More Analysts Upgrade Best Buy, Credit Co. Leadership

More Analysts Upgrade Best Buy, Credit Co. Leadership

After two analysts upgraded Best Buy’s stock last month, two more have followed suit in March—and like the others, they credit the company’s new leadership team for what appear to be signs of a turnaround.

More analysts have upgraded Best Buy Company, Inc.’s stock and, echoing the recent remarks of other analysts, are crediting Best Buy’s new leaders for helping the company achieve early signs of a turnaround.

Peter Keith, a retail analyst at Minneapolis-based Piper Jaffray, upgraded Richfield-based Best Buy’s stock to “overweight” from “neutral” on Monday, according to media reports. The overweight rating is the equivalent of some firms’ “buy” rating.

In a research note, Keith reportedly said that Piper Jaffray believes Best Buy’s new management team is “in the very early stages of a multi-year turnaround process.” Keith raised his price target for Best Buy’s stock from $16 to $26.

Keith’s remarks seem to represent a trend. Less than a week before Keith upgraded his rating, Jefferies analyst Daniel Binder reportedly raised Best Buy’s stock rating from “hold” to “buy.”

“Ultimately this is a bet that new management will cut costs, bring better processes, discipline, and measurement to the business, essentially fix what it has and stabilize the business,” Binder said, according to a report by Fox Business.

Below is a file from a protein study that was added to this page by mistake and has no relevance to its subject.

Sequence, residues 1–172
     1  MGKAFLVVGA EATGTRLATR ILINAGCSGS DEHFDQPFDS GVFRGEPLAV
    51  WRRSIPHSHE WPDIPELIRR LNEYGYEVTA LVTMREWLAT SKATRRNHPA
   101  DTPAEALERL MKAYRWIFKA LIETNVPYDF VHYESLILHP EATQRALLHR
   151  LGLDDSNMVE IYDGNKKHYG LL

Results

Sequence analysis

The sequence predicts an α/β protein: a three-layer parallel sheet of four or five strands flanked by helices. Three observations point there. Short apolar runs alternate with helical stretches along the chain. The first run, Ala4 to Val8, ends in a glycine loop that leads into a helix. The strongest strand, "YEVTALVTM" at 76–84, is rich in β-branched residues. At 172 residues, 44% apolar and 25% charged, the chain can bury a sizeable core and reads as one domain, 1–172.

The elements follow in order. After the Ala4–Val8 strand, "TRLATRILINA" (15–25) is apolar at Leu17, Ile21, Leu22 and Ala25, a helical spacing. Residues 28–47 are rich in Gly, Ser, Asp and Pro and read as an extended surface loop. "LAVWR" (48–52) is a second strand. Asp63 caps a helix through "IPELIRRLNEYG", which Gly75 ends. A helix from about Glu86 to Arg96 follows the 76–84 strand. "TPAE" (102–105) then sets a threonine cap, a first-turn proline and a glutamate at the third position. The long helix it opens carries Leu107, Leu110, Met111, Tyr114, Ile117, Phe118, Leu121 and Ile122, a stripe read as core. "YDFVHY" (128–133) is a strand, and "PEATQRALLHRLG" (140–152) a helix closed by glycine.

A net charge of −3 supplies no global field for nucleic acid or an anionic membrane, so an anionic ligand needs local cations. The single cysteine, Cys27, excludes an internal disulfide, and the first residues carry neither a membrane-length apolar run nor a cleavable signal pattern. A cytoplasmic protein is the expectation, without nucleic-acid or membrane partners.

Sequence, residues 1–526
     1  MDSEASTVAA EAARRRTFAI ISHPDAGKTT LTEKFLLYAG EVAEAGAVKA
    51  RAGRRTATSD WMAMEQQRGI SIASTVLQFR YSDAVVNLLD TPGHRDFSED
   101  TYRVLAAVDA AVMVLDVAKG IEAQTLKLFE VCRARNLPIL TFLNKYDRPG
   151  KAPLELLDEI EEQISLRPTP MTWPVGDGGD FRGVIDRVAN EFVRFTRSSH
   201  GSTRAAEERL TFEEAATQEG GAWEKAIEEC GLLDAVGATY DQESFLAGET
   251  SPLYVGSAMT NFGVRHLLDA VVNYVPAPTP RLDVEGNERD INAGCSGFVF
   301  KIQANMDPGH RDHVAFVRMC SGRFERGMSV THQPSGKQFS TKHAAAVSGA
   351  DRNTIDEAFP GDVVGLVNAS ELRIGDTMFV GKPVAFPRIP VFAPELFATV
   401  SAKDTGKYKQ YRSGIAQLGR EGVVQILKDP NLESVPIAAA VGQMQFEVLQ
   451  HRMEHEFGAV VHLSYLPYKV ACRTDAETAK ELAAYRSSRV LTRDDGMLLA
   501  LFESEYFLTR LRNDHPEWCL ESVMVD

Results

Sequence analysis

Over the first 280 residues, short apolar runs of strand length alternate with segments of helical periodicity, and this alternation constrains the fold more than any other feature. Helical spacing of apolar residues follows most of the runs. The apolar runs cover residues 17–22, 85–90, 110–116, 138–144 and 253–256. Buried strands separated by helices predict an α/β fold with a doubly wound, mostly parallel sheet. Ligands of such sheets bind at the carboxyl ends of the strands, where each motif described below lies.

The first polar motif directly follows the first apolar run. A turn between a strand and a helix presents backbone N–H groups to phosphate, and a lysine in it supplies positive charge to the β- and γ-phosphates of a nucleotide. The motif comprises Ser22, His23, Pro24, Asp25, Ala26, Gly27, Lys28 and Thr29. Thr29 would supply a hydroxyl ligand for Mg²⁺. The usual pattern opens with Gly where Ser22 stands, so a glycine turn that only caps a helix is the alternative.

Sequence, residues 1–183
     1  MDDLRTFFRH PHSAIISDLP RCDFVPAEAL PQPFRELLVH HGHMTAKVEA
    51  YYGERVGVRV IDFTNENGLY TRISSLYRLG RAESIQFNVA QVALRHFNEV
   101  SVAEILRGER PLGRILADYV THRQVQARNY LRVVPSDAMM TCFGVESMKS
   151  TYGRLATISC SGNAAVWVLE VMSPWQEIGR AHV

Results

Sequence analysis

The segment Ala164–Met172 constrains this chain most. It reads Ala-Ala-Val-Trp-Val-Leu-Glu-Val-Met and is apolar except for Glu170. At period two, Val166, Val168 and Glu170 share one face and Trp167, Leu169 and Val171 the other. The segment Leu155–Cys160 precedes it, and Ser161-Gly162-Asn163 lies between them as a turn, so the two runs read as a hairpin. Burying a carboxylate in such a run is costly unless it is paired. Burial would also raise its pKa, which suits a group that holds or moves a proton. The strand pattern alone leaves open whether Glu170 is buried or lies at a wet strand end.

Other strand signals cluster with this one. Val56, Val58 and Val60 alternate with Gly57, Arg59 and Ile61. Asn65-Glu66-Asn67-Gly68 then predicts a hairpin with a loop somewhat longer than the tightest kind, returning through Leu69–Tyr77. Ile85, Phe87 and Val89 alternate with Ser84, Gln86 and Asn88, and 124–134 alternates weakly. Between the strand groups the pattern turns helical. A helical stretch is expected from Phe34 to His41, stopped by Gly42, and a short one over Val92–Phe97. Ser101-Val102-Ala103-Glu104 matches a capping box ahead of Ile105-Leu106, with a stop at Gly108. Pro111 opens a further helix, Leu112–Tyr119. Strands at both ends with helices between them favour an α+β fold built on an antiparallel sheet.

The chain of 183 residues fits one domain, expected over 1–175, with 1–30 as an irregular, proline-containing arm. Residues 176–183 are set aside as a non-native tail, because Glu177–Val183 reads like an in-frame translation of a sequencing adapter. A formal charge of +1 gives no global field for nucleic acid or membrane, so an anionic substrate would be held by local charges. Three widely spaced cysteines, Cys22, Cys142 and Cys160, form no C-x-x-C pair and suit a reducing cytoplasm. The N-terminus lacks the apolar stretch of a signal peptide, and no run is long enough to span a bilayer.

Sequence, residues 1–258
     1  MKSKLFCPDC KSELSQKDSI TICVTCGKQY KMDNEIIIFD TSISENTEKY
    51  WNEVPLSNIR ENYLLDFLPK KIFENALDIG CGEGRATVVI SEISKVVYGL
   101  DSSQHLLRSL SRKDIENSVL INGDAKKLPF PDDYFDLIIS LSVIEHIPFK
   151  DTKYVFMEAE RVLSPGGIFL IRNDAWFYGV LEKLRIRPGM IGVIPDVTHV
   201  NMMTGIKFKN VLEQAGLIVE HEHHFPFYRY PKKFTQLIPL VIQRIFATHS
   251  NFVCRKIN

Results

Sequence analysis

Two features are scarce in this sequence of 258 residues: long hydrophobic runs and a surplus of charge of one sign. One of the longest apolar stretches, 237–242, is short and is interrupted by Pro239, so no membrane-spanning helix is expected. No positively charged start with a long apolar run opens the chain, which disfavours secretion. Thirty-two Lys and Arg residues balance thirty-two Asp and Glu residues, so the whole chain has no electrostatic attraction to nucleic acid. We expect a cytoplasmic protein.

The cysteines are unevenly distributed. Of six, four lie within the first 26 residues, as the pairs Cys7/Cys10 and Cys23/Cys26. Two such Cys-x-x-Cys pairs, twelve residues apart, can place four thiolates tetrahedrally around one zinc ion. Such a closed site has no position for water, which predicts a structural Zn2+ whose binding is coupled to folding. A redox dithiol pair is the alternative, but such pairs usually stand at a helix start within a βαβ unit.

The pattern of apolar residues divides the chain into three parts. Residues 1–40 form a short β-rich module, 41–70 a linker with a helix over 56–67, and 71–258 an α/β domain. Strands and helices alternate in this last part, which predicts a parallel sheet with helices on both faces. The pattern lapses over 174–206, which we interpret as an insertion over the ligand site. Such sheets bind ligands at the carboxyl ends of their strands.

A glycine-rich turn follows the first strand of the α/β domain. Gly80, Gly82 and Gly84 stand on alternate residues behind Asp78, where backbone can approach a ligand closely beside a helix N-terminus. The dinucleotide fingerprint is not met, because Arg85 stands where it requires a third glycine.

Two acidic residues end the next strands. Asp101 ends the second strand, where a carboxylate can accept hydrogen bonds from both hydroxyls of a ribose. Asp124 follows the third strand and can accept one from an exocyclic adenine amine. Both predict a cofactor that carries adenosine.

Best Buy’s stock was trading down about 0.45 percent at $20.08 Monday afternoon, although it is up more than 20 percent since the company announced its fourth-quarter and full-year earnings results on March 1.

Revenue for the quarter that ended February 2 totaled $16.7 billion, essentially flat compared to last year’s fourth quarter. The company reported a net loss of $409 million, marking a substantial improvement from a net loss of $1.82 million for the same period a year ago. Quarterly sales and earnings beat analysts’ expectations.

For the full year, revenue slid less than 1 percent to $49.62 billion while the company’s loss narrowed from $1.32 billion to $249 million.

Aside from Keith and Binder, other analysts also recently lifted their ratings for Best Buy’s stock. One was David Schick, an analyst at St. Louis-based Stifel, Nicolaus & Company, who last month cited “vastly improved management” as a key factor in his upgrade, adding, “This is first and foremost a management upgrade call.”

During the past year, Best Buy has seen an exodus of leaders and significantly altered its executive roster. Former CEO Brian Dunn departed in the wake of a scandal and was replaced by Hubert Joly, an appointment that was initially met with skepticism but now seems to be receiving a more positive response.

Joly took the helm in September; then in November, former Williams-Sonoma Chief Financial Officer (CFO) Sharon McCollam became Best Buy’s CFO and chief administration officer. Some analysts have cited Joly and McCollam as the key players in helping to start transform the business.

The latest analyst upgrade for Best Buy’s stock comes about a week after founder Richard Schulze failed to meet a deadline to make a takeover bid for the company. (The Star Tribune, citing unnamed sources, recently reported that Schulze appears to have given up his buyout bid but is negotiating with the company’s directors regarding a role on the board.)

With that rocky phase of Best Buy’s story now potentially over, it appears the company’s leaders will be able to keep moving forward with their turnaround plan. Over the past year, Best Buy has made several rounds of job cuts and closed big-box stores; its most recent job cuts occurred last month, when the company eliminated about 400 jobs at its Richfield headquarters, a move that’s part of an effort aimed at cutting about $150 million in costs.